Final update: Thursday 29th March 0755, CORRECTION 0950
"I supported his attempt to become a guest blogger. I'm not sure I'll do that again"
The words you read above are part of an update that appeared this morning on the site belonging to "Richard of Orléans", that grotesque Goebbels-like propaganda machine that spews out a never-ending stream of lies, distortions and half-truths.
I've already done a line by line dissection of the "comment" that he deposited on Shane Richmond's blog yesterday.
Now he claims that it was all meant in good faith, to "support my attempt to become a guest blogger". Leaving aside the question as to whether or not I wish to be a guest blogger -which I've said earlier would be problematical - is there anyone, apart from Colin Randall's cat, who believes that R of O is really touting on my behalf ?
Let me tell you what his "Comment" was really all about. He saw Shane Randall inviting three contributors to the Telegraph's "Your View" to guest blog and thought "Oh my God, what if Colin Berry is next to get an invite, and Bill T and I don't" ?
And over in Toronto, Bill Taylor was thinking exactly the same thing. That was the real chagrin. Without messages needing to be exchanged both knew what had to done - a wrecking exercise that would deter Shane Richmond from ever inviting me to guest blog.
Bill Taylor began the process with a reference to there being chagrin in Antibes. That was the signal for Orléans to get in with one of his exercises in grotesque caricaturing, that would have brought tears of admiration to the eyes of Joseph Goebbels.
Bill Taylor sensed it was time to go in for the kill, and finish the job, so comes back with his old standby in character assassination - claiming that I use multiple pseudonyms maliciously. In fact, it is Bill Taylor, pillar of the Toronto Star, who has used pseudonyms with malice aforethought on at least two occasions, once as James Hamilton, and the second as the recently resurrected "Lacombe Lucien".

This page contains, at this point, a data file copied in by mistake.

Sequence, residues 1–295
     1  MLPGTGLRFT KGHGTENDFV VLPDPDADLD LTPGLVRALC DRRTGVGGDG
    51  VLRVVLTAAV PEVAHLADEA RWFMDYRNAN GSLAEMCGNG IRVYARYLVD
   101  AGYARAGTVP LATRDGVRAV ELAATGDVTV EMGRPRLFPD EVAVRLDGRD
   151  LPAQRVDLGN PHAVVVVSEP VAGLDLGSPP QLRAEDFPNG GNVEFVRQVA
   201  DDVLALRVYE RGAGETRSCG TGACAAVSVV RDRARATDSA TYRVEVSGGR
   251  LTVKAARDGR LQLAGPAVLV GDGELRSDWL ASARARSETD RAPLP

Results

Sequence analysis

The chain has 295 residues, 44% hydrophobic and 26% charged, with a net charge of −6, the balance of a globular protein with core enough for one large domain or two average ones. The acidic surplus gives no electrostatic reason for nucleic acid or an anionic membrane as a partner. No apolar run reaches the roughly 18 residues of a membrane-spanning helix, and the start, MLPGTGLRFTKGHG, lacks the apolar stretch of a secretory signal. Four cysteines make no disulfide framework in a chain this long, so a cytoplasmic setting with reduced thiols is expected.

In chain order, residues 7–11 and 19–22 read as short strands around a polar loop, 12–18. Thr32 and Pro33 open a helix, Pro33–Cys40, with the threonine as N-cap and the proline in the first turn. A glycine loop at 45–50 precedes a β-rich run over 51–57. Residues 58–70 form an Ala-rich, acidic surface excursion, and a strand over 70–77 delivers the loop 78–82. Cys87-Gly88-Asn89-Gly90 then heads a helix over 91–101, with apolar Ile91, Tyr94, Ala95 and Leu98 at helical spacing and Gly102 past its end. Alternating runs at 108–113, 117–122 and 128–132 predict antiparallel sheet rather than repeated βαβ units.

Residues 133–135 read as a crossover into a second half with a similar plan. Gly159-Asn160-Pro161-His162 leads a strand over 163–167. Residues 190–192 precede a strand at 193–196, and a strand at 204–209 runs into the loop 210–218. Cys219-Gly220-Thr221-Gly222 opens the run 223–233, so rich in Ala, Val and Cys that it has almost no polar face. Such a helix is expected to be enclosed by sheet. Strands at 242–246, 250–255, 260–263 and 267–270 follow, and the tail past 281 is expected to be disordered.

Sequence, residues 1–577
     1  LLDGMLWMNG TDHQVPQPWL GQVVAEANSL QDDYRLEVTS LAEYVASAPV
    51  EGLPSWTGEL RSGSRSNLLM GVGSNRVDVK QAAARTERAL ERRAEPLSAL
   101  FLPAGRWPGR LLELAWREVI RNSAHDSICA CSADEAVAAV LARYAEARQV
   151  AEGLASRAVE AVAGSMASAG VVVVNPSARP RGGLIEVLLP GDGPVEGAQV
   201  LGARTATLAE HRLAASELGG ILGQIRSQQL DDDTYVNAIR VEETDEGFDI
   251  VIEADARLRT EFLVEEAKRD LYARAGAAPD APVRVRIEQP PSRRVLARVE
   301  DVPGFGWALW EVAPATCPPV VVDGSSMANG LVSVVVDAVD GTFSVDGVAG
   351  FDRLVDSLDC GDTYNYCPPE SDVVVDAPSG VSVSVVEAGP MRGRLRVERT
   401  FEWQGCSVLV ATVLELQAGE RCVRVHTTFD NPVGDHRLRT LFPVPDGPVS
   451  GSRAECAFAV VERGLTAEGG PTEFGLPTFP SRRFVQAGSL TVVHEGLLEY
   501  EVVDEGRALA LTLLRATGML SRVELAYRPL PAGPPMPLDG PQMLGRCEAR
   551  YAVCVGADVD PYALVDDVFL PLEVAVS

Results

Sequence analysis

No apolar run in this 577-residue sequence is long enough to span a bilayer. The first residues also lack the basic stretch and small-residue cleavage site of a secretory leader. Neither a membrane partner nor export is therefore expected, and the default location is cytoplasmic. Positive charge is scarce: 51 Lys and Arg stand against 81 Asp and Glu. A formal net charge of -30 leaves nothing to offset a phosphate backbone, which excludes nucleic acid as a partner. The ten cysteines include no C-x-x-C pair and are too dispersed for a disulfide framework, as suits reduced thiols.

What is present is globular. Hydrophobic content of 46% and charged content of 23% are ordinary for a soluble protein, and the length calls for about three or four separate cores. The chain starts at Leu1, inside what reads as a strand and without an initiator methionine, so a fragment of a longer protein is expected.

I believe blogging touched rock bottom yesterday with those comments placed by BT and R of O on Shane Richmond's blog. And their message is clear: invite Colin Berry to blog, and we'll trash the Comments section there, just as we have done here.
As I've said before, new freedoms bring new responsibilites. I believe that 'R of O' and BT are killing the local family of blogs, abusing the freedoms they provide to engage in gratuitous insults at others' expense. That, in a nutshell - and I struggle to think of a more appropriate receptacle- is how both get their kicks. Beneath their veneer of civility, microscopically thin in places, they are a pair of bovver boys.
Shame on Colin Randall for turning a blind eye for so long while those two miscreants refined their act on his blogs. Colin R is today celebrating reaching 50,000 on Salut!'s hit counter. Does he not realise that without that pair of thugs, it would probably have been in six figures by now ?
4th update: Wed 28th March 21:30
Have just been re-reading the comments on Shane Richmond's thread. Although I've already posted a response to Richard of Orléans, I confess to still being fairly livid at this latest example defamatory comment.
Here's what he said: His invective is in black. My (printable) responses are in red.
He deserves his spot in the Sun
Well Shane you have thrown down the gauntlet for our fawning Antibois, Monsieur Berry.
Fawning ? Where's the evidence that I have fawned to Shane Richmond ? Anyone reading my blog will know that I tell Shane Richmond exactly what is on my mind. "Fawning Antibois" is the language of a pamphleteer, attacking some perceived evil in society. It is totally inappropriate in the context of our blogs.